Emerging research demonstrates that exercise is favorably associated with several cognitive outcomes, including episodic memory function. The majority of the mechanistic work describing the underlying mechanisms of this effect has focused on chronic exercise engagement. Such mechanisms include, e.g., chronic exercise-induced neurogenesis, gliogenesis, angiogenesis, cerebral circulation, and growth factor production. Less research has examined the mechanisms through which acute (vs. chronic) exercise subserves episodic memory function. The purpose of this review is to discuss these potential underlying mechanisms, which include, e.g., acute exercise-induced (via several pathways, such as vagus nerve and muscle spindle stimulation) alterations in neurotransmitters, synaptic tagging/capturing, associativity, and psychological attention.
In this study we analyzed the performance of three wheat varieties in relation to gluten content under high-altitude growing conditions in the Andes of Ecuador. A field experiment was conducted at 3058 meters above sea level during 2009 using adapted wheat cultivar Cojitambo, cv. Carnavalero, and cv. Sibambe. Transcript accumulations of High Molecular Weight Glutenin Subunits (HMW-GS) genes were also evaluated during grain development using qRT-PCR. We recorded the expression profile of HMW-GS genes during 41 days and showed a coordinated pattern of induction with significant higher levels at 82–86 days. Transcript accumulation of 1Dx5, 1Dy10, 1Bx7, 1Ax1, and 1By9 genes were analyzed in more details during this period. The assay highlighted the specific contribution of 1Bx7, 1Dy10, and 1Dx5 during gluten formation in Ecuadorian wheat varieties. Under Andean highlands conditions, cv. Carnavalero showed the higher values of total agglomerated protein upon hydration and higher levels of expression of particular HMW-GS genes. The data suggest a correlation between wet gluten content and HMW-GS genes expression. Our study contributes to understand gluten formation in wheat endosperm under high-altitude conditions in the Andes.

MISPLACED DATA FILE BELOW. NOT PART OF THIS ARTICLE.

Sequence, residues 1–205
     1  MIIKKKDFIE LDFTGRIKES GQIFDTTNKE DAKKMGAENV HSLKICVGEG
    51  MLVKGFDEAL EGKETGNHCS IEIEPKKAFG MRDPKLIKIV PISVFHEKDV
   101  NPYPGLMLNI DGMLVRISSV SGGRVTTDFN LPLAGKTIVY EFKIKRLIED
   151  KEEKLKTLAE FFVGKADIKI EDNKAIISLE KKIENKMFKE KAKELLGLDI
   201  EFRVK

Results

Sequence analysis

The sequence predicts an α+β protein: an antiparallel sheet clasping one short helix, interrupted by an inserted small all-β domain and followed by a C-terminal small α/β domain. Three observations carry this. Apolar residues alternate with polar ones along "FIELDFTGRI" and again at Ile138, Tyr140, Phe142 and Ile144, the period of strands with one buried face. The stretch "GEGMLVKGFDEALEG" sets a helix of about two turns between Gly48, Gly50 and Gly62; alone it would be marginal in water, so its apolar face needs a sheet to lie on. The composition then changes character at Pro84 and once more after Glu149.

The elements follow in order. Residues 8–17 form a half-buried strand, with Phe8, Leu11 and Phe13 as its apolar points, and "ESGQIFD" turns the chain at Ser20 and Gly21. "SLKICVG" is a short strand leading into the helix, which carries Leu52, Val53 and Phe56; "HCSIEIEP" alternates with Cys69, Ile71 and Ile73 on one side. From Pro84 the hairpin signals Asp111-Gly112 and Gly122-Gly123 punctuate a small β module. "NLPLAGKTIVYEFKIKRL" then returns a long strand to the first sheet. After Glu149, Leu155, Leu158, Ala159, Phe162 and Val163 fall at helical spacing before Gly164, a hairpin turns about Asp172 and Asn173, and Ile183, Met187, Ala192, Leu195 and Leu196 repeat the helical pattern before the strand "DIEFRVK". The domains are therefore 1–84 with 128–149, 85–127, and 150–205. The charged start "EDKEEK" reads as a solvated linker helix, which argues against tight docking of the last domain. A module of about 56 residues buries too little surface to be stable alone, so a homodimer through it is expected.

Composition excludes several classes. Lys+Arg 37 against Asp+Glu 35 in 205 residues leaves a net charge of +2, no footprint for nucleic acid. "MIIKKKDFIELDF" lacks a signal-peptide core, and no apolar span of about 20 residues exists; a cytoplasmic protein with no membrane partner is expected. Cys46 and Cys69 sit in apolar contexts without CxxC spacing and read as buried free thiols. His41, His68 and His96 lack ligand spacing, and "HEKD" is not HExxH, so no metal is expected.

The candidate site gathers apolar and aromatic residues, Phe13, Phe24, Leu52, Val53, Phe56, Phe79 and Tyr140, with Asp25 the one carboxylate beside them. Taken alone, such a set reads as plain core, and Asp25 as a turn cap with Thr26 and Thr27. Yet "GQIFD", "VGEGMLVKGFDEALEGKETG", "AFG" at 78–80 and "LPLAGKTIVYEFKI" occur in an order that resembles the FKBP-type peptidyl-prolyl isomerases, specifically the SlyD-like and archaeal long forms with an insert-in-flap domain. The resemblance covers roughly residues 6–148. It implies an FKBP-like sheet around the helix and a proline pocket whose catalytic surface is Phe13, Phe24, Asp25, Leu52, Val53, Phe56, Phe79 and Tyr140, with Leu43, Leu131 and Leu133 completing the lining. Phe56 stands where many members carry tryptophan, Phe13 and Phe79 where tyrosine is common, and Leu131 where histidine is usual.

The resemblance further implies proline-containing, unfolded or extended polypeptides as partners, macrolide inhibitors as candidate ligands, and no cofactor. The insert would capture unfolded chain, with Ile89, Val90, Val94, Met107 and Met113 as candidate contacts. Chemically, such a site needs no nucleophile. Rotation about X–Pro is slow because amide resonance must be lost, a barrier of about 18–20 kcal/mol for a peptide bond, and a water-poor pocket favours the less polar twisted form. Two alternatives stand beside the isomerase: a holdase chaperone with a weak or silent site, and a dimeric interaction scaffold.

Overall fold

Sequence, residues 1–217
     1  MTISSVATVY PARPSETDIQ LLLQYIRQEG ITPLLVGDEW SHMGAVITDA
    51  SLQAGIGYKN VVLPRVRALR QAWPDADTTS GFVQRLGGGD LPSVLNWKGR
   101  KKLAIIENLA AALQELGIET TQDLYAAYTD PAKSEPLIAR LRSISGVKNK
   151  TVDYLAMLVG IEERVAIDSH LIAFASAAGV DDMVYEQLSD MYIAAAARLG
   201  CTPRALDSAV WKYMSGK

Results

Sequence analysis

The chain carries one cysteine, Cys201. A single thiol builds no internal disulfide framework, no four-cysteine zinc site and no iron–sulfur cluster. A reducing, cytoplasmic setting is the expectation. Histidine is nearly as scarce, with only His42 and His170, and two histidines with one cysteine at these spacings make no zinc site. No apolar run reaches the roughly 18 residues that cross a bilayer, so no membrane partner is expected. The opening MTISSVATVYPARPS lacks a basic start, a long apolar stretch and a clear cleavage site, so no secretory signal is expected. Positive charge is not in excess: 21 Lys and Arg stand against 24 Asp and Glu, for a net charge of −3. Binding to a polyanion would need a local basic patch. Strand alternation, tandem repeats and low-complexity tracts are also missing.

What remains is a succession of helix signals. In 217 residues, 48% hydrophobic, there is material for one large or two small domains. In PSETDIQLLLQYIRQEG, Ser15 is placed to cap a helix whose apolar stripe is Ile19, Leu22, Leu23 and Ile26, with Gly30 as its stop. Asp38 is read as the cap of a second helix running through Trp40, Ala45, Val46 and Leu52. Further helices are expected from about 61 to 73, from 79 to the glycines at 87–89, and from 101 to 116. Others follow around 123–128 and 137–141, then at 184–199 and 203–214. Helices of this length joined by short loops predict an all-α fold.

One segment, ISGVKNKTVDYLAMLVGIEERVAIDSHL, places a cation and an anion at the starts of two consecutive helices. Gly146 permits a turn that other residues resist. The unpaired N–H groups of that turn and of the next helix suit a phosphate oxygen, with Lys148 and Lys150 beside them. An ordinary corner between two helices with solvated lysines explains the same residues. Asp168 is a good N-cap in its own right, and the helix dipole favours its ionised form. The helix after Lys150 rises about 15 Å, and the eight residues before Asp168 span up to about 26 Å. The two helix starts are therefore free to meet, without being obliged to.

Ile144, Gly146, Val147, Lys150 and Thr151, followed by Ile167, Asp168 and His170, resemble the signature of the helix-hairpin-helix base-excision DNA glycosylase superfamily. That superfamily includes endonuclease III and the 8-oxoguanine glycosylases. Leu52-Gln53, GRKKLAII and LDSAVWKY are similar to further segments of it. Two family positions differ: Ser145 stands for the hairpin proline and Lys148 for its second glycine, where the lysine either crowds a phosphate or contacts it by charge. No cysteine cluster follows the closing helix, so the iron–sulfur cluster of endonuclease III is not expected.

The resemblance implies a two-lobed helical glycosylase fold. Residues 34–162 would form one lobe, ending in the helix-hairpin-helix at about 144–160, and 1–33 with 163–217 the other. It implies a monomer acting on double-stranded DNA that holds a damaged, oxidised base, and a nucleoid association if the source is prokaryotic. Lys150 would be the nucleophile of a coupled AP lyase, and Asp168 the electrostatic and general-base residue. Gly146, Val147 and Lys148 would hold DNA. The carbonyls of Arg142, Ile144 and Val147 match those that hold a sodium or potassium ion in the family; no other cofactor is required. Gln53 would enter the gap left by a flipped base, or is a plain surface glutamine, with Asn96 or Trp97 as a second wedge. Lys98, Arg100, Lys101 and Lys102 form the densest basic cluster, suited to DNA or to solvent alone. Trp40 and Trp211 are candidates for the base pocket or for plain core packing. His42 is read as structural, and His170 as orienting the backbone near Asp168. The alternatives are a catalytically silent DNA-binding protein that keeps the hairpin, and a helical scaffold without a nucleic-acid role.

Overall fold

No previous studies have evaluated the potential combined effects of acute exercise and acute hypoxia exposure on memory function, which was the purpose of this study. Twenty-five participants (Mage = 21.2 years) completed two laboratory visits in a counterbalanced order, involving 1) acute exercise (a 20-min bout of moderate-intensity exercise) and then 30 min of exposure to hypoxia (FIO2 = 0.12), and 2) exposure to hypoxia alone (FIO2 = 0.12) for 30 min. Following this, participants completed a cued-recall and memory interference task (AB/AC paradigm), assessing cued-recall memory (recall 1 and recall 2) and memory interference (proactive and retroactive interference). For cued-recall memory, we observed a significant main effect for condition, with Exercise + Hypoxia condition having significantly greater cued-recall performance than Hypoxia alone. Memory interference did not differ as a function of the experimental condition. This experiment demonstrates that engaging in an acute bout of exercise prior to acute hypoxia exposure had an additive effect in enhancing cued-recall memory performance.